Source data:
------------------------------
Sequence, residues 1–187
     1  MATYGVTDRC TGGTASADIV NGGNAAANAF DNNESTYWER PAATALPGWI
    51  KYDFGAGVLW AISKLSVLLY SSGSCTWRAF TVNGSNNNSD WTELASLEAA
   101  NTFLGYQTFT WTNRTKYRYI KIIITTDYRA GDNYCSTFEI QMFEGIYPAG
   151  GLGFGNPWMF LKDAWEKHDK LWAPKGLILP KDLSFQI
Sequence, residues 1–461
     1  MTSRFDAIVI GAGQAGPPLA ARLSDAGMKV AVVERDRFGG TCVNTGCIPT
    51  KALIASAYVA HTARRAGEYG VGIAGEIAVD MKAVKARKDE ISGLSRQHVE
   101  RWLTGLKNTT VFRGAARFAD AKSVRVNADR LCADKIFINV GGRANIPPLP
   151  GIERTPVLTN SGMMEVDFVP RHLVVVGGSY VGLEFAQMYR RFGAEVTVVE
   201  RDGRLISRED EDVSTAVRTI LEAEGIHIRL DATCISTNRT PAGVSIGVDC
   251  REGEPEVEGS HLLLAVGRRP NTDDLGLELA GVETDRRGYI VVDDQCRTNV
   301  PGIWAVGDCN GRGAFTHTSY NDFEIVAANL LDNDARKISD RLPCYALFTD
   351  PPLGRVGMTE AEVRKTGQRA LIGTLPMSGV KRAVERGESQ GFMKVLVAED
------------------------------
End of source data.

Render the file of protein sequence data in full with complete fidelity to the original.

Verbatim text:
Sequence, residues 1–187
     1  MATYGVTDRC TGGTASADIV NGGNAAANAF DNNESTYWER PAATALPGWI
    51  KYDFGAGVLW AISKLSVLLY SSGSCTWRAF TVNGSNNNSD WTELASLEAA
   101  NTFLGYQTFT WTNRTKYRYI KIIITTDYRA GDNYCSTFEI QMFEGIYPAG
   151  GLGFGNPWMF LKDAWEKHDK LWAPKGLILP KDLSFQI
Sequence, residues 1–461
     1  MTSRFDAIVI GAGQAGPPLA ARLSDAGMKV AVVERDRFGG TCVNTGCIPT
    51  KALIASAYVA HTARRAGEYG VGIAGEIAVD MKAVKARKDE ISGLSRQHVE
   101  RWLTGLKNTT VFRGAARFAD AKSVRVNADR LCADKIFINV GGRANIPPLP
   151  GIERTPVLTN SGMMEVDFVP RHLVVVGGSY VGLEFAQMYR RFGAEVTVVE
   201  RDGRLISRED EDVSTAVRTI LEAEGIHIRL DATCISTNRT PAGVSIGVDC
   251  REGEPEVEGS HLLLAVGRRP NTDDLGLELA GVETDRRGYI VVDDQCRTNV
   301  PGIWAVGDCN GRGAFTHTSY NDFEIVAANL LDNDARKISD RLPCYALFTD
   351  PPLGRVGMTE AEVRKTGQRA LIGTLPMSGV KRAVERGESQ GFMKVLVAED